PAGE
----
Contains XYZ float values such as 0.0, 90.0, and 0.0, which can refer to a rotation, for example. This data type can be used to represent any coordinate, color, normal, and many other info that have an XYZ or RGB value set. If you queried the position of a mesh, you'd get a Vector3F.
In this illustration, we can see that manipulating our XYZ values produces different colors on our points.
Represents an array of Vector3Fs, which are arbitrary XYZ float values that can represent a position, color, normal value, and much more. If you queried all vertices on a mesh, you'd get a vector array, where each vector would represent the position of a specific vertex.
In this illustration, every yellow point you see is a Vector3F, and all of them reside in one vector array.
From a technical point of view, while GraphN mostly operates in Python, it's important to understand that vector, float, integer, and mask array are all custom C++ types, and they're not just blazing fast but also high-performance, computer graphics focused arrays.
Represent an array of floating values. Such values could be weights, angles, and any other floating point data. As an example, the node Mesh Faces Areas returns a Float Array where each float represents the area of a specific face of your input meshes.
Represents an array of integers. This property is becoming more and more uncommon as it gets replaced with the Mask Array type, but you can often need it to create a range of numbers like 123456... or any other type of array with integers.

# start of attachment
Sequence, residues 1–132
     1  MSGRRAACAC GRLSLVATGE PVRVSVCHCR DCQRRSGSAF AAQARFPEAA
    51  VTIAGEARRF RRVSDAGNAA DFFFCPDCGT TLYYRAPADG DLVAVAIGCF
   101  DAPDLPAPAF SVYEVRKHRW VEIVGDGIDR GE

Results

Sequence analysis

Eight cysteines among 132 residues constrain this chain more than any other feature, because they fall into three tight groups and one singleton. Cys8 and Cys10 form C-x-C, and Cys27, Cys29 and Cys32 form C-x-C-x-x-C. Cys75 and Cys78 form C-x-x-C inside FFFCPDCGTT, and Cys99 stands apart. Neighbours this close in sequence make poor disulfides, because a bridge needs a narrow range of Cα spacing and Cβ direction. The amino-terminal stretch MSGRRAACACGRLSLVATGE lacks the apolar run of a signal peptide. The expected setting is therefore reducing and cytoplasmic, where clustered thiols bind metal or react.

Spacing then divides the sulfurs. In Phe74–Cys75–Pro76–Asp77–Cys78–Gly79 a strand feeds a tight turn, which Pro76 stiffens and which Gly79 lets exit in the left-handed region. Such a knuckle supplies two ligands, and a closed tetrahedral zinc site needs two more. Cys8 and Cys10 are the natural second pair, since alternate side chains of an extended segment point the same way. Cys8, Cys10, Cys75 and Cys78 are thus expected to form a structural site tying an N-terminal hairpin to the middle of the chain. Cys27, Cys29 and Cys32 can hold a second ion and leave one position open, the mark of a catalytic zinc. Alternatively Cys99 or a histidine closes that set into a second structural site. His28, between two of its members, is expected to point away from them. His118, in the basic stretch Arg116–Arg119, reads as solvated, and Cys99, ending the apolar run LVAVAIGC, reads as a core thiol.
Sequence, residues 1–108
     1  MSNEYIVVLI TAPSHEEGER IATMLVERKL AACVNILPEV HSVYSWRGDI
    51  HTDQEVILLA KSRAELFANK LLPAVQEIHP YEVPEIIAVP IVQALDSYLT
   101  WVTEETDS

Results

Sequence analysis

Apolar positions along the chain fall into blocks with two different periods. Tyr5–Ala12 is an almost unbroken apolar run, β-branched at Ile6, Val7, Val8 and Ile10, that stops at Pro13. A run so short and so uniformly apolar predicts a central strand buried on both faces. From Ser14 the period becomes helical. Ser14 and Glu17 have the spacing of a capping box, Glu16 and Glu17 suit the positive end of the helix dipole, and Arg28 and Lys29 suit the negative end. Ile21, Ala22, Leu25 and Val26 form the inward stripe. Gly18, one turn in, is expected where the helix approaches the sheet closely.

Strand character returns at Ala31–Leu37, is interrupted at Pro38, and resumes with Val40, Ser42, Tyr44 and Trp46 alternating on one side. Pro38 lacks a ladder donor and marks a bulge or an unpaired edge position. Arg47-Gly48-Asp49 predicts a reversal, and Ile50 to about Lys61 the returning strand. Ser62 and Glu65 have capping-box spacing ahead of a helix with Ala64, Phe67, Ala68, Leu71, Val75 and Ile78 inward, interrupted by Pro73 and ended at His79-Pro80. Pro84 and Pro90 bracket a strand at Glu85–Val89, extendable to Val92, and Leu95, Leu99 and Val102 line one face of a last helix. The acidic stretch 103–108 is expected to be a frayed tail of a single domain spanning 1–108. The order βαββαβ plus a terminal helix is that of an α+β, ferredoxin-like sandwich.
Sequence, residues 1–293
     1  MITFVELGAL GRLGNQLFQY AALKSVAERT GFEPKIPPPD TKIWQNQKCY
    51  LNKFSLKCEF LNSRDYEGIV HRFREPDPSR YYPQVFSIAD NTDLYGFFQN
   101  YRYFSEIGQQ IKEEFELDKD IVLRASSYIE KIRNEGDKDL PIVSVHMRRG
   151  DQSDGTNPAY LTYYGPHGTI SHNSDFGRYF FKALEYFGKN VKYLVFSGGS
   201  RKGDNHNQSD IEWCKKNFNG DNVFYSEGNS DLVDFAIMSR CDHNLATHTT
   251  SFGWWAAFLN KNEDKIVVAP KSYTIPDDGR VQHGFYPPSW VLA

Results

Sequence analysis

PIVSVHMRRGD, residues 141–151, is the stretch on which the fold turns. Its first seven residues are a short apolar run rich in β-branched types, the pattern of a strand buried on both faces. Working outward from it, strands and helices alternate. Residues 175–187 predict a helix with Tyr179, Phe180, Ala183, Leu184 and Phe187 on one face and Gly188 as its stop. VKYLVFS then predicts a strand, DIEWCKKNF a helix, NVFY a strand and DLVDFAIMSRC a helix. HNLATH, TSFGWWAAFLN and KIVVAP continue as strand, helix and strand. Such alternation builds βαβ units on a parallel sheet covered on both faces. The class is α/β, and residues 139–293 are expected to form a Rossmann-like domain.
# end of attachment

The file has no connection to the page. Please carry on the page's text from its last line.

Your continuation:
In GraphN, the mask array type can be thought of as an array of True and False values. To give you a concrete example, say you've scattered a bunch of points on a plane, and wanted to remove all points that were close to some object, like a curve. This is how a Mask property would help you do that:
As you can see, the Mask property does exactly what it says once we connect it: it masks out all the points that are close to our curve. A mask can be used for so much more: you could delete faces on a mesh with it, or use it to access specific mesh components, etc...
Curves represent GraphN's curve/spline/path objects. In GraphN, we provide a wide variety of curve nodes to resample curves, smooth, bevel, slice, and query all sorts of curve data, such as curve point positions, rotations, normals, tangents, and binormals.
Curves are an array type, which means you can create one or a million curves at once, and they'd be stored in the same object.
The Mesh type represents GraphN's native mesh data structure. You can store multiple meshes in one property, which makes this an array property. All common mesh data, such as components, vertex colors, and UVs are supported, and GraphN provides a bunch of geometry nodes that help you work with them.
In GraphN, Lists are a generic type that allows you to pack multiple object types into one. For example, you may have a Vector Array which represents an array of positions, and you could pack multiple vector arrays into a list data type.
In GraphN, the type Any is usually assigned to properties where their input type could be anything. You have nodes like Print, which allow you to output anything you want in your 3D software's output. Because print can output anything, we give it the type any.
A Map represents a structure with a key and a value, like name: joe, where name is the key, and joe is the value. This type can be used in pipeline automation to create JSON data but has very few common world-building use cases.
A callback is a property that simply executes whatever input is given to it. It doesn't give back any value like a vector array or scene container, and can often be used simply to continue the execution of a graph.